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Monday, 7 October, 2002, 05:43 GMT 06:43 UK
Nissan warns on Sunderland's future
Nissan Motor president and chief executive Carlos Ghosn
The Micra makes up a third of Nissan's sales in Europe

The future of car production at Nissan's factory in Sunderland could be at risk, the automaker's president and chief executive Carlos Ghosn has warned.

It's not a question of threat, it's a reality

Carlos Ghosn, president and chief executive, Nissan Motor
In an interview with BBC News Online, Mr Ghosn made it clear that the plant's future would depend on whether the UK adopted the euro.

"We are worried about having our cost base in pounds and to have our revenue base in euros," he said.

"This is a situation we don't like.

"We had this situation when we decided to make the investments on the Micra."

"We ended up deciding to make the Micra in Sunderland," Mr Ghosn added, referring to the company's 235m ($369m) investment in January last year to build the model in the north of England.

"When the next investments come in the next couple of years, we hope we don't have to go through the same kind of analysis," Mr Ghosn said in a thinly veiled call for UK membership of the euro.

"Obviously, that is not our decision. It's the decision of the UK government.

"That's why it's our duty to express our difficulties and our hopes and let them make the decisions."

Nissan presented the new Micra for the first time at the Paris Motor Show a week ago.

Reality

When asked whether he was threatening to shift production abroad unless the UK joined the euro, Mr Ghosn responded:

Nissan Sunderland
Nissan's Sunderland factory: Europe's most efficient

"No, it's a reality. It's not a question of threat, it's a reality that we will take this into consideration each time we have to make an investment."

"We would like, as much as possible, to have Sunderland producing a lot of cars, but at the same time making cars that would allow us to make a profit."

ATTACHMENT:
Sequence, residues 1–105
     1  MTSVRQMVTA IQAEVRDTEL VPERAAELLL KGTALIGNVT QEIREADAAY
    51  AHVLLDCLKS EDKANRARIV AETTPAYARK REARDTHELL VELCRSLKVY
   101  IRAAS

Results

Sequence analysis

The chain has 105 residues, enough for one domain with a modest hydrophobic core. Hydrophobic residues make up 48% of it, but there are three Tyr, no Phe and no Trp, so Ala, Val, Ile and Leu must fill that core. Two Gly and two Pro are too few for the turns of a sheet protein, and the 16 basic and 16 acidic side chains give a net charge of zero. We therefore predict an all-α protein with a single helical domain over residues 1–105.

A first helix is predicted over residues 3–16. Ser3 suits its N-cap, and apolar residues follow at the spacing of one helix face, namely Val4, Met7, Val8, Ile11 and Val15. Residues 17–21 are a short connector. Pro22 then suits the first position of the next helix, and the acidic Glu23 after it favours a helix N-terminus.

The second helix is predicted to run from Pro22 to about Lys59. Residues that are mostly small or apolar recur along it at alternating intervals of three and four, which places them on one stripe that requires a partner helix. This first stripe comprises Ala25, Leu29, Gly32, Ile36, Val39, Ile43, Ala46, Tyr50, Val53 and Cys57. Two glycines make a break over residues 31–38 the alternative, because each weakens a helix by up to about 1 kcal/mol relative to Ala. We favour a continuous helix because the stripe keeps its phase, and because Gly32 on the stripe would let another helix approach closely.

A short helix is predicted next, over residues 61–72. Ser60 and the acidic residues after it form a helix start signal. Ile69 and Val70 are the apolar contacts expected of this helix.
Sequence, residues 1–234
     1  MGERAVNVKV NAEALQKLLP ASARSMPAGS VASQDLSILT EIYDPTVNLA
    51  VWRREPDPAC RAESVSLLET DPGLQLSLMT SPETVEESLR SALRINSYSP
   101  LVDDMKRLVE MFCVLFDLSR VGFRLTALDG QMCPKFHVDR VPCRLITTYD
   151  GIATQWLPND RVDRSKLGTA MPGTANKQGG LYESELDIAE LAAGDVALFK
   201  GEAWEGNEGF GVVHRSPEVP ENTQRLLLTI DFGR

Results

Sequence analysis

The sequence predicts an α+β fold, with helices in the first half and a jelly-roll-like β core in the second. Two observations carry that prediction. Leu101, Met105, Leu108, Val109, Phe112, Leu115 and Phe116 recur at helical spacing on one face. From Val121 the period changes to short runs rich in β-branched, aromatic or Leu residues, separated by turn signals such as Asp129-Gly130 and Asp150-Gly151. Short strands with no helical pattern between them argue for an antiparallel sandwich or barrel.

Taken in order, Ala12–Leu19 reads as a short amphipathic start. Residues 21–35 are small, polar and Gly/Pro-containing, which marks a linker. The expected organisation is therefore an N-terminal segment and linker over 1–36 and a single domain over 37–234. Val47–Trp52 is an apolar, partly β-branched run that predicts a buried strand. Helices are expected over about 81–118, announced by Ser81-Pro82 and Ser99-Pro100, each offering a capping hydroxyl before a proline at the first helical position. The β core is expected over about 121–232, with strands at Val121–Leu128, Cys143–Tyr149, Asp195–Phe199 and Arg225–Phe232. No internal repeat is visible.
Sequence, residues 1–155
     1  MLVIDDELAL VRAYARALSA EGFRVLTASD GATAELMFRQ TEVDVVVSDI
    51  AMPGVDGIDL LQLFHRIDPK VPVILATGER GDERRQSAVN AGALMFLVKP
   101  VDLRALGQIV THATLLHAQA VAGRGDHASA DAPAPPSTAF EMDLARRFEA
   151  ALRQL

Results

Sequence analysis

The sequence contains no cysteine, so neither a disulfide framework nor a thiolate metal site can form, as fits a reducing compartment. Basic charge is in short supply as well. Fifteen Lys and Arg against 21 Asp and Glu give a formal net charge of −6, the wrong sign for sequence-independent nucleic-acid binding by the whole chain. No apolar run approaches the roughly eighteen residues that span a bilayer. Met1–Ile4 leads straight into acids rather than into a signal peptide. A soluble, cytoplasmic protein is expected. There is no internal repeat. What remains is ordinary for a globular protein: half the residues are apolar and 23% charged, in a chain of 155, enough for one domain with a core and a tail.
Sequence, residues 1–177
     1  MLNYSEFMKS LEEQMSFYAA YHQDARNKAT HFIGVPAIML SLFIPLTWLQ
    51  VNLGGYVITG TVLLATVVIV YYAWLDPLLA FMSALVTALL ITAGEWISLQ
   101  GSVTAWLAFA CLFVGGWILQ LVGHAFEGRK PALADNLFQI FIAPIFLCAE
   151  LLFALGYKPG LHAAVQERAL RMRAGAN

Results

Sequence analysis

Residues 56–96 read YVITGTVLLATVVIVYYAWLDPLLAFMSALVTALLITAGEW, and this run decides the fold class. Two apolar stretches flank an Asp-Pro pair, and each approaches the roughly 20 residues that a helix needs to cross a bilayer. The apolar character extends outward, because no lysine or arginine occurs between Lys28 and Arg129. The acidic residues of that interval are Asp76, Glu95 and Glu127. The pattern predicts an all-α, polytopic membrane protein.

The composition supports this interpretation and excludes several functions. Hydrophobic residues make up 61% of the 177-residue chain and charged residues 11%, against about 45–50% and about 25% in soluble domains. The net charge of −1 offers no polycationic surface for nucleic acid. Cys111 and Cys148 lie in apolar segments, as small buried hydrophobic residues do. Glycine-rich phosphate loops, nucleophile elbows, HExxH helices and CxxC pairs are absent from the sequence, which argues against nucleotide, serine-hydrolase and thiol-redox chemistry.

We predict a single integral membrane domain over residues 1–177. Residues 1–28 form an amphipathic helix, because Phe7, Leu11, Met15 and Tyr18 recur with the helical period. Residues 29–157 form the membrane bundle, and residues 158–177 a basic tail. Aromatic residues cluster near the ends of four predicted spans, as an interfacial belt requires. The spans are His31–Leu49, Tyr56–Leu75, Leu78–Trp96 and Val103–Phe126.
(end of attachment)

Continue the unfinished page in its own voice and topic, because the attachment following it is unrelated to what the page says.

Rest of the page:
This would be easier if Nissan's exchange-rate risks could be minimised or eliminated.

But Mr Ghosn declined to say whether he thought this could be achieved without the UK joining the euro.

"We don't discuss how [this] should be achieved, we discuss our objective," he said.

Competitive advantage

Two years ago, Nissan decided to produce the Micra in Sunderland rather than in France where both its costs and its revenues would be in euros.

Carlos Ghosn
Mr Ghosn: Soon to be in charge of Renault too

In a close decision, Sunderland was chosen because it was, and still is, Europe's most efficient car manufacturing plant.

"So the only concern we have in Sunderland is not about the plant but about this [exchange-rate] environment," Mr Ghosn said.

After all, the Micra - 1.3 million of which have been sold in the last decade - is crucial to Nissan's future in Europe.

"The Micra is a very important car for us," Mr Ghosn said.

"It's going to represent practically one third of all our sales in Europe."

No compromise

Nissan wants the new Micra to return profits almost immediately, Mr Ghosn said.

I said immediately that I would be keeping my job as president and chief executive of Nissan and at the same time become president and chief executive of Renault

Carlos Ghosn

"If we thought that it would be very difficult to make money out of the Micra in Europe, frankly we would not have done it," he said.

"We're not in a business where we have to be here to occupy market share or to make volume.

"We're in the business to create value, and Nissan has a very strong policy that all the cars going on the market have to be profitable."

Powerful

It was such unsentimental, straight talk that earned this Brazilian-born Frenchman the nickname "Le Costcutter" when, three years ago, he was wheeled in by Renault to pull Nissan back from the brink.

The French car company holds 44.4% of Nissan's shares.

Among the results of his efforts were the huge efficiency improvements made in Sunderland.

And, off course, he has delivered profits.

In the fiscal year to 31 March, Nissan made record net profits of 372bn Japanese yen (1.9bn; $3bn), up 12% on the previous year.

Mr Ghosn's performance has elevated him to the position of heir to Renault's president and chief executive Louis Schweitzer who will step down in 2005.

"I said immediately that I would be keeping my job as president and chief executive of Nissan and at the same time become president and chief executive of Renault," Mr Ghosn said.

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Nissan chief Carlos Ghosn
"We are worried about having our cost base in pounds and our revenue base in euros"

Cars and strategies

Background
See also:

09 May 02 | Business
25 Jan 01 | Business
30 Oct 00 | Business
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